Instead of spending the borrowed dollars on expressways (some expressway projects are white elephants), if they were given as micro loans to disadvantaged people to start self-employment projects, that would have been very healthy to the GDP. But, corrupt politicians are obsessed with building these concrete jungles, they are an easy way for them to steal part of the borrowed money to fatten their bank accounts.

The writer states that expressways have benefitted only a privileged minority. It is a fact that more than 60% of the country’s vehicles are excluded from expressways. This issue is addressed in detail later.

It was reported in the media that the present government intends to construct/extend at least four expressways. As stated before, the burning transport problem of Sri Lanka is not the lack of expressways but the lengthy traffic jams in major cities especially Colombo. Not only that the expressways have failed to solve this massive problem; they have created bottlenecks that acerbated the existing problem.

In Colombo, reaching the expressway entry points is a herculean task. It took 90/120 minutes for a person to drive from Borella to Athurugiriya/Kottawa Southern expressway entry points (prior to Corona). The time saved by faster driving on the Southern expressway is wasted by the enormous extra driving one has to make, also the lengthy delays at entry points.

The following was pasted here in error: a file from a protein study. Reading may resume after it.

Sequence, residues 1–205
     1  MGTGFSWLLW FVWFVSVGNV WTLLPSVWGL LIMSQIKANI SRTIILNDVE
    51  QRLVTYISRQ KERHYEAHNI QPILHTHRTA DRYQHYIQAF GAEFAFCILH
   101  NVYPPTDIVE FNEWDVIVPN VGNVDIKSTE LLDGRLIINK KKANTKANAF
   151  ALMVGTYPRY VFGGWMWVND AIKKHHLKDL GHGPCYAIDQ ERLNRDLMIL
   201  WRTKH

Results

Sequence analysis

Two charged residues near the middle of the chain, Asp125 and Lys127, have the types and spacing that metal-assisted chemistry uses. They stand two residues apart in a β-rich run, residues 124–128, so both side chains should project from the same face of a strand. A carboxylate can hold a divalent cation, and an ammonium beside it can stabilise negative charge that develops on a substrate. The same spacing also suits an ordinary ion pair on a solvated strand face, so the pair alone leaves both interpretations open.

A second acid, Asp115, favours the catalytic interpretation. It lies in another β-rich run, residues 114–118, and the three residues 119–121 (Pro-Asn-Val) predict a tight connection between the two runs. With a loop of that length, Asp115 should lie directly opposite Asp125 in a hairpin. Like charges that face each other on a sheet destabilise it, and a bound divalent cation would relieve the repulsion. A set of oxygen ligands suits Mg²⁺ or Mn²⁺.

We are neither a continent nor a large country; but a tiny island nation in the size of 65,600 sq km. Sri Lanka only has a maximum length of 268 miles (432 km) and a maximum width of 139 (224 km) miles.  Expressways are best for large countries. What Sri Lanka requires is a well carpeted network of roads everywhere, including in rural areas. Preferably they should at least be dual track each side on main highways (this is what they are currently doing everywhere in Galle Road). There are lots of dilapidated roads in the interior that requires immediate attention. 

Instead of spending large amounts of money on expressways that will extend to very remote areas, the governments should have given top priority to fixing the traffic problem in Colombo and other major cities like Kandy, Kurunegala, Galle, Mathara, Negambo etc.

To ease the huge traffic congestion in major cities especially Colombo we require efficient, computerized traffic lights, wider streets, new alternative roads/overhead bridges (flyovers). We must consider building underground road tunnels and sometimes overhead roads.  The Colombo Outer Circular Road is a good initiative. Parking should be banned on all main roads. The road side parking spaces should be amalgamated to main roads. New multi-storey car parks as private ventures must be erected to park vehicles.